Monday, 2 October 2017

Gwales Review of Better Houses: 'Readers of all types will find something marvellous here.'

Susie Wild’s new collection of poems opens doors and invites the reader into a range of lives. The theme of houses comes through as Wild offers us glimpses of family life taking place in houses. People move into new houses or leave old ones, or simply transit through places as they shift from one phase of life to another. The act of buying and selling houses plays a role, as does filling them with furniture. 

The first poem in the book, ‘Build the Table First’, uses the construction of furniture as a metaphor for building a new life as a couple. Wild starts with concrete imagery, saying ‘I need breakable glasses / for each re-enacted fight’ and then moves to a more stream-of-consciousness style in lines such as these, ‘I want flamingoes / in flight; a thought that looks like / broccoli, blood, so much / fake blood.’ Her shifts of language take us into new places that are both strange and familiar at the same time. 

In ‘And, in the Aftermath’, the act of building flat-pack furniture becomes a way for a couple to reassemble their relationship after a falling out, ‘the banana / slip / of the night before.’ She uses language deftly here, finding fresh turns of phrase that allow us to see the familiar in new ways. Sometimes she controls the shape of the poem on the page to suggest something about the topic - in this case, the word ‘slip’ has slipped to the far right of the page, just like a foot that slides out from under a person slipping on a banana peel. This approach can add to the poem’s meaning, or simply provide a visual representation of the topic, as in ‘Baby Shower’, which is arranged on the page to look like a pregnant belly. 

Many of these poems are written in the form of a series of commands addressed to an unnamed person, whether a specific person she knows or perhaps the reader more generally. In ‘A Beginner’s Guide to Mourning’, she tells her interlocutor how to trap hawk-moths, perhaps as a way of preserving the memory of someone who has passed away. The stories behind these poems are only hinted at, which opens up the possibility of more resonance for the reader.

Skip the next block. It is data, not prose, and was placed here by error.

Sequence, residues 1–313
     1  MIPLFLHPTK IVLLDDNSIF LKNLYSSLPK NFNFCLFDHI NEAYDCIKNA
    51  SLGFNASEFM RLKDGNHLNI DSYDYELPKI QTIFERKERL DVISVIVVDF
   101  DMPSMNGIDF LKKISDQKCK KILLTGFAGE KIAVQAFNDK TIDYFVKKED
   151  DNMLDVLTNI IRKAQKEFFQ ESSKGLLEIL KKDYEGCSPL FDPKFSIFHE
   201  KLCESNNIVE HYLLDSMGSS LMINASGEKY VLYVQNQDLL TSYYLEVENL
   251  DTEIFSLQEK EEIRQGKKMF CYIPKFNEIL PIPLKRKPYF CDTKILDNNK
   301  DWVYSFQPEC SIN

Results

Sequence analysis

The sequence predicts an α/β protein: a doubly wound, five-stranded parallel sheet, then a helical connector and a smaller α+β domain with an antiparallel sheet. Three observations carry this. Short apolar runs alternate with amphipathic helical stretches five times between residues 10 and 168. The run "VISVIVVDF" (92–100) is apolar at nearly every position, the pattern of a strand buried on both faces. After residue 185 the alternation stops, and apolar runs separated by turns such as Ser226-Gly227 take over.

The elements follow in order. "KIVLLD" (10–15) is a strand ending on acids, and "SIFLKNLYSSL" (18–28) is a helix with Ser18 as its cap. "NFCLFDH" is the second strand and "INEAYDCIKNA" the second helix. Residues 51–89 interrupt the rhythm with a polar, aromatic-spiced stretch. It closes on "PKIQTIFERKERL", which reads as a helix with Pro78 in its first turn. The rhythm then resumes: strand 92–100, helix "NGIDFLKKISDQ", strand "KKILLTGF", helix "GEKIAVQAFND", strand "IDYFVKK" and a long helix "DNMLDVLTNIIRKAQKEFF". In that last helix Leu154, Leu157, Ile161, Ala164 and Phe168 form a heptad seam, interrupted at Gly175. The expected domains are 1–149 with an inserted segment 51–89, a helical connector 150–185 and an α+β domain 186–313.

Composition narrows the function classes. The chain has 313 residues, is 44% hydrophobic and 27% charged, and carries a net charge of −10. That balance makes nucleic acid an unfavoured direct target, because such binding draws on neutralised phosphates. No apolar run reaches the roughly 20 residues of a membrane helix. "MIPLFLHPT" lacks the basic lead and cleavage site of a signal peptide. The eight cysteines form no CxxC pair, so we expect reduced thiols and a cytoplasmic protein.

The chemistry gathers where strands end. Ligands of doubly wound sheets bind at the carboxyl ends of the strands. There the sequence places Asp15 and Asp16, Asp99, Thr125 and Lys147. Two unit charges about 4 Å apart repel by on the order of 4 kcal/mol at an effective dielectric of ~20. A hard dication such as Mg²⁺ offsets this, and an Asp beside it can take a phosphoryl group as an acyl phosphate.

The title poem of this collection is a masterful picture of images and sensations as relationships quiver like bubbles and then settle into place. An activity as mundane as a picnic takes on an iridescent sheen. When an interloper crashes in, asking ‘Is this your place?’, she responds, ‘It is now. / I watch myself float / away. Watch myself burst. / Watch myself stay.’ She has moved into a better house and invited us in with her. 

Not all of the pictures are as bright as bubbles. There are several references to fire and loss, often only hinted at. Houses can contain danger or be at risk themselves. Some poems hint at a love affair gone wrong, while in others the core relationship leaves us with a very grounded sense. The last poem, ‘Inside You’, gives us a conundrum – the ‘inside you’ and the ‘outside you’ are contrasted, one locked out of the house by the other. The ‘outside you’ tries to get into the house, berated by the ‘inside you’ for not behaving like a ‘decent human being’. Perhaps this is the message she wants to leave us with, the importance of opening doors and allowing for reintegration within an individual as well as across relationships through decency and kindness. 

Readers of all types will find something marvellous here. 

Mary Jacob 

 A review from, with the permission of the Welsh Books Council.

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